The Green Investment Bank (GIB) last week announced a partnership arrangement with Societe Generale Equipment Finance, which the bank says it would not rule out trying to replicate in the future.

GIB and Societe Generale allocated $83m towards public and private organisations in the UK, aiming to assist various enterprises in cost-cutting energy efficiency initiatives, and with green project potential squeezed in the current climate, GIB spokesperson Ronit Wolfson says it’s a model the bank would consider again.
“There is no imminent announcement of other partnerships but it’s an interesting model. Although it’s not something we have immediate plans to replicate, we could conceivably do that in the future.”

Wolfson says the area of energy efficiency covers a wide gamut of technologies and that presents a challenge in itself, but not the only one.

“One of the issues is there’s not much long term financing in the market so hopefully having £50m of long term finance will help but clearly it’s not enough on its own but all of these things help.”

“Also it’s a really fragmented market compared to offshore wind energy for example. Energy efficiency covers in theory anybody that can deploy their business in a more efficient way. Some of the projects will be huge; you may have factories and potential big capital investment. Equally you could talk about replacing one boiler and everything in between.”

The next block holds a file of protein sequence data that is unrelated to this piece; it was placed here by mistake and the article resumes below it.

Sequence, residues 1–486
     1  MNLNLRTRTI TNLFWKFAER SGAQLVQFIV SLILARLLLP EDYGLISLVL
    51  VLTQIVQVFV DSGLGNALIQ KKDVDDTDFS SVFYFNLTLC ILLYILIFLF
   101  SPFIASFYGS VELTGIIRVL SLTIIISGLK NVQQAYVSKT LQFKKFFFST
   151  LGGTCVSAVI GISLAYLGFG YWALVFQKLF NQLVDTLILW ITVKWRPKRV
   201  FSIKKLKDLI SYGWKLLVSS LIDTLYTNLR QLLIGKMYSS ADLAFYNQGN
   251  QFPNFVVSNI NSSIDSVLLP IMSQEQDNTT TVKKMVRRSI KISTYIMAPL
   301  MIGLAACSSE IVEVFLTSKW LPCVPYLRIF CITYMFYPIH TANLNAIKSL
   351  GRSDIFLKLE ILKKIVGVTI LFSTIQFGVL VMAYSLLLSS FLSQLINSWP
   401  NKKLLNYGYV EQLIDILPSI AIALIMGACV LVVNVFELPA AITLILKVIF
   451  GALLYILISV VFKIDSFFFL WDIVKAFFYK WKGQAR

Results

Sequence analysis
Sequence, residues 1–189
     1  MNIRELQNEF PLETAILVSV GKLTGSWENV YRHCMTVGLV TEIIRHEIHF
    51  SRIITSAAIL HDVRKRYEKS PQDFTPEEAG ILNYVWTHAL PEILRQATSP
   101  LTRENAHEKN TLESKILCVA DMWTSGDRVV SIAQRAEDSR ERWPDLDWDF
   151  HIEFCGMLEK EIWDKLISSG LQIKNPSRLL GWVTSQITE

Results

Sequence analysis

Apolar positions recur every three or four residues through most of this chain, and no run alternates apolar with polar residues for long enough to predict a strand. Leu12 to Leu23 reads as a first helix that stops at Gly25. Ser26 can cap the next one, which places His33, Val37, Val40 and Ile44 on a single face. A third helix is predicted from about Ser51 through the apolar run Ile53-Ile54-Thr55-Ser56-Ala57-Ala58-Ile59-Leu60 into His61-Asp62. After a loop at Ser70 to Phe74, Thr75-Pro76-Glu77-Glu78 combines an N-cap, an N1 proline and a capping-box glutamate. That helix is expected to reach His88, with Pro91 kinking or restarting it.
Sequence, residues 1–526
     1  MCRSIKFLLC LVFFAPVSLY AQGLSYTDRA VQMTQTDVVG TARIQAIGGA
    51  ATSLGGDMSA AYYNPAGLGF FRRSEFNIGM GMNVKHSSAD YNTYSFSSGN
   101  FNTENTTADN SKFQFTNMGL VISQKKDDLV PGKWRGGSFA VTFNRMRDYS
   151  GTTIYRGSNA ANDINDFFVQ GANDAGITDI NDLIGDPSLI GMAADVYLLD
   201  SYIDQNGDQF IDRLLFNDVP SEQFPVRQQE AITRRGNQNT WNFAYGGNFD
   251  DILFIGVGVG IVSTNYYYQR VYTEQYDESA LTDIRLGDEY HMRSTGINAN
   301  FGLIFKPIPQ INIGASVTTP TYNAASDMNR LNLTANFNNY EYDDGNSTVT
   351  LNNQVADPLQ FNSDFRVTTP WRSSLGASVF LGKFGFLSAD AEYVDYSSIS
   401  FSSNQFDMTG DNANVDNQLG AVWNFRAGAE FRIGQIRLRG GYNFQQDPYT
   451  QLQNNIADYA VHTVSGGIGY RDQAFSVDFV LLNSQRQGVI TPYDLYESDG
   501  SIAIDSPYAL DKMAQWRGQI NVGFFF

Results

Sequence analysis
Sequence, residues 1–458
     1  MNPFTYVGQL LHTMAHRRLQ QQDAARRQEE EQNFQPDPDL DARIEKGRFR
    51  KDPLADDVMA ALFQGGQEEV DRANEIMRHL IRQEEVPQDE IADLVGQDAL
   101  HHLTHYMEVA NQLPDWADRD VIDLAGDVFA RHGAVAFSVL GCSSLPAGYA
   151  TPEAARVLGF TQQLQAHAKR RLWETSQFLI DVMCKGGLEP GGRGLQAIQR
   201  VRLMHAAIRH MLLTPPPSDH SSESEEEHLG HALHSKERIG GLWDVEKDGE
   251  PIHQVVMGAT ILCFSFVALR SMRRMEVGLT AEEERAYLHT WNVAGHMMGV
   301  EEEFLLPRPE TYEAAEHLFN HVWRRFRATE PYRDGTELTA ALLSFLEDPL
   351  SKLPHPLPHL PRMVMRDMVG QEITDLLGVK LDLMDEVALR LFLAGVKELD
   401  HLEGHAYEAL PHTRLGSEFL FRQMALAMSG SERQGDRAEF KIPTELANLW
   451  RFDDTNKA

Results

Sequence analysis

One technology the Edinburgh-based GIB believes will be frequently considered during this investmet drive is combined heat and power (CHP).

“It is clearly a good and simple technology to use. We would anticipate quiet a lot of interest for these projects in using CHP but (in terms of this investment fund) it depends on the organisation. If an organisation was a manufacturing company that wanted to make their industrial processes more efficient CHP might not be the most appropriate. If it was a hospital then probably it could be deemed to be more appropriate.”

Clearly CHP makes a lot of sense and we would expect a good amount of these projects to include it but it’s very much case by case, depending on how each applicant organisation uses energy and what they use it for.”

For more CHP news